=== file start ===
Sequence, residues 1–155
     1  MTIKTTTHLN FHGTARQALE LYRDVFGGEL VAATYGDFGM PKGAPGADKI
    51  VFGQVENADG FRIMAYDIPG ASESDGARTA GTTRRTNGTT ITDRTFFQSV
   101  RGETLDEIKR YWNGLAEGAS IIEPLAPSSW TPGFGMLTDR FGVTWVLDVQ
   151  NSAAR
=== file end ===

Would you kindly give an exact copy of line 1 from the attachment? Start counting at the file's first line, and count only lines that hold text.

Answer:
Sequence, residues 1–155